High functional diversity is related to high nitrogen availability in a deciduous forest - evidence from a functional trait approach

Markus Bernhardt-Römermann, Christine Römermann, Valério De Patta Pillar, Thomas Kudernatsch, Anton Fischer

Research output: Contribution to journalArticlepeer-review

21 Scopus citations

Abstract

The current study tested the assumption that floristic and functional diversity patterns are negatively related to soil nitrogen content. We analyzed 20 plots with soil N-contents ranging from 0.63% to 1.06% in a deciduous forest near Munich (Germany). To describe species adaptation strategies to different nitrogen availabilities, we used a plant functional type (PFT) approach. Each identified PFT represents one realized adaptation strategy to the current environment. These were correlated, next to plant species richness and evenness, to soil nitrogen contents. We found that N-efficient species were typical for low soil nitrogen contents, while N-requiring species occur at high N-contents. In contrast to our initial hypotheses, floristic and functional diversity measures (number of PFTs) were positively related to nitrogen content in the soil. Every functional group has its own adaptation to the prevailing environmental conditions; in consequence, these functional groups can co-exist but do not out-compete one another. The increased number of functional groups at high N-contents leads to increased species richness. Hence, for explaining diversity patterns we need to consider species groups representing different adaptations to the current environmental conditions. Such co-existing ecological strategies may even overcome the importance of competition in their effect on biodiversity.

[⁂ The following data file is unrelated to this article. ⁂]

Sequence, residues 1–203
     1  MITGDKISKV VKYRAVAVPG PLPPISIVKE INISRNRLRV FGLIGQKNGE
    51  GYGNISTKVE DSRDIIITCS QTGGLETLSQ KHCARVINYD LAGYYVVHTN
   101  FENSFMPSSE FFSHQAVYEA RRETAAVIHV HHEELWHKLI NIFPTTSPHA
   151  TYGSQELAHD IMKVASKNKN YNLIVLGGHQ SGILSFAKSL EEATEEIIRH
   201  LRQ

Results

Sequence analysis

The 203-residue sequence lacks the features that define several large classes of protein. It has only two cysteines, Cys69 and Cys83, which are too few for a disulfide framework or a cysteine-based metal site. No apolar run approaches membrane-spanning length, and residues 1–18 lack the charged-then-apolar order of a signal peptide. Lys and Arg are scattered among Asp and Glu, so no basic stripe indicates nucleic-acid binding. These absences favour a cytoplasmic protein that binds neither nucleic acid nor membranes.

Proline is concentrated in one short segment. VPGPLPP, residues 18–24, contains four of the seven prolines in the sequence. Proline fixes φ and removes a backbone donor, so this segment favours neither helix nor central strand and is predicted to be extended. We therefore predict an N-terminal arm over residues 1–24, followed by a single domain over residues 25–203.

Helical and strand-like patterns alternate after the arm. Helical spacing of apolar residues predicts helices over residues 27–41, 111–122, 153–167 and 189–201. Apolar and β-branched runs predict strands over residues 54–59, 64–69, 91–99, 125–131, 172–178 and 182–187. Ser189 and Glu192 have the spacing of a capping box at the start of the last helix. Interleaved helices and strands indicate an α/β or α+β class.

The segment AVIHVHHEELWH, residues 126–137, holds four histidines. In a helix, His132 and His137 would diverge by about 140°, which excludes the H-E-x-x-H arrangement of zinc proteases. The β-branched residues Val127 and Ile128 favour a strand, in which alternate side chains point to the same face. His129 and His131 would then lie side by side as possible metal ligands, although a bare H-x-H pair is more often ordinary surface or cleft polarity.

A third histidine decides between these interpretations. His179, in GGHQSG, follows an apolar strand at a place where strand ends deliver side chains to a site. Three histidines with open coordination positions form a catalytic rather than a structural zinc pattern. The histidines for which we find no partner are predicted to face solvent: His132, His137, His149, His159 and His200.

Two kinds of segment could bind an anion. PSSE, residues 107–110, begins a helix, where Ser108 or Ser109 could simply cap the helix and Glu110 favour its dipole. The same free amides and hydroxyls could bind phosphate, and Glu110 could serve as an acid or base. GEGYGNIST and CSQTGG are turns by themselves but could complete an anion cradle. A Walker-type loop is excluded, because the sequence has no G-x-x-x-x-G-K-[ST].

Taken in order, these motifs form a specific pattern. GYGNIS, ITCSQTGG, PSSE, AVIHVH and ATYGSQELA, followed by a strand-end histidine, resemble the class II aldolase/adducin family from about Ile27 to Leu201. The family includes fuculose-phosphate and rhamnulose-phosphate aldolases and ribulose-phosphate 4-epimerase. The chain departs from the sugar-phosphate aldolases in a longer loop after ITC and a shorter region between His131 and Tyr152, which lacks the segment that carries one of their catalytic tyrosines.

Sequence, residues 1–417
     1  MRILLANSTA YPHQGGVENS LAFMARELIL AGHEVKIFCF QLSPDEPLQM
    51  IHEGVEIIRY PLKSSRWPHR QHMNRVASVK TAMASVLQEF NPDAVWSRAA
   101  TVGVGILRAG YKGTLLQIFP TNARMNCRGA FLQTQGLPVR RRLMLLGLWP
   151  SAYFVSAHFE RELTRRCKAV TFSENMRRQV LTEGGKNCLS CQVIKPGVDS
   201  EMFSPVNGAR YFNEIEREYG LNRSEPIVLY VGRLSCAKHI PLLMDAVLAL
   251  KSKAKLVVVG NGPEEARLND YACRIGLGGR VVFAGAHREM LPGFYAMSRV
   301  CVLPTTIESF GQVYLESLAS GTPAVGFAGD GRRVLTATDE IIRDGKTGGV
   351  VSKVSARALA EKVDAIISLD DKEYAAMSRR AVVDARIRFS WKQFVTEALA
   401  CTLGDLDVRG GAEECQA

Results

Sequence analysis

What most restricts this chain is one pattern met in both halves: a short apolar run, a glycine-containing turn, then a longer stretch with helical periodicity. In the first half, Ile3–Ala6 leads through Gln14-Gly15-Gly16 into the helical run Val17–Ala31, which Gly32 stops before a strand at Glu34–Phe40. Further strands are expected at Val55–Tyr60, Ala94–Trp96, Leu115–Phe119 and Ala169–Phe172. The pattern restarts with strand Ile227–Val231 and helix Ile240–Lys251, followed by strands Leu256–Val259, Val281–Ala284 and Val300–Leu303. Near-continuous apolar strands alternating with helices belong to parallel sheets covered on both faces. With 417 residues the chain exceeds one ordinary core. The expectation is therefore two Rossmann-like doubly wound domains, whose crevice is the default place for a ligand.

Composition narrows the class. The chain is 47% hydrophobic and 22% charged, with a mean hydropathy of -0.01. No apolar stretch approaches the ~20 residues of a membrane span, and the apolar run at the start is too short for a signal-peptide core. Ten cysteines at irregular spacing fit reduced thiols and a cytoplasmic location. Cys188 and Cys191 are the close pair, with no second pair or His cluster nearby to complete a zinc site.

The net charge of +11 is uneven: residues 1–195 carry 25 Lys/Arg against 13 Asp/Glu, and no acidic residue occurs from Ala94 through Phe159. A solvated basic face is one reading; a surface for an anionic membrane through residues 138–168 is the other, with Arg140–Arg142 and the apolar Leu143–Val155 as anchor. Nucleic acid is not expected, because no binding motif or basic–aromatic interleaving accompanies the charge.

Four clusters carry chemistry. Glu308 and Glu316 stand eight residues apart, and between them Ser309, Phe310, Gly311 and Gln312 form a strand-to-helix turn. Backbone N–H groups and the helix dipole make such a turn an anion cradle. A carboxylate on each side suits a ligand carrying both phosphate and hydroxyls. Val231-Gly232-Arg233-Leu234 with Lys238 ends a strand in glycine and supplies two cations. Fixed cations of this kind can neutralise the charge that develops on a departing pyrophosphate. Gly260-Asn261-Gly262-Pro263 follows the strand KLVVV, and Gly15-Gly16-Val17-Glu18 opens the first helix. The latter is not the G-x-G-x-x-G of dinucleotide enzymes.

Original languageEnglish
Pages (from-to)111-124
Number of pages14
JournalFolia Geobotanica
Volume45
Issue number2
DOIs
StatePublished - 2010

Keywords

  • Life history traits
  • Nitrogen heterogeneity hypothesis
  • Nitrogen homogeneity hypothesis
  • Plant functional types (PFT)
  • Species evenness
  • Species richness

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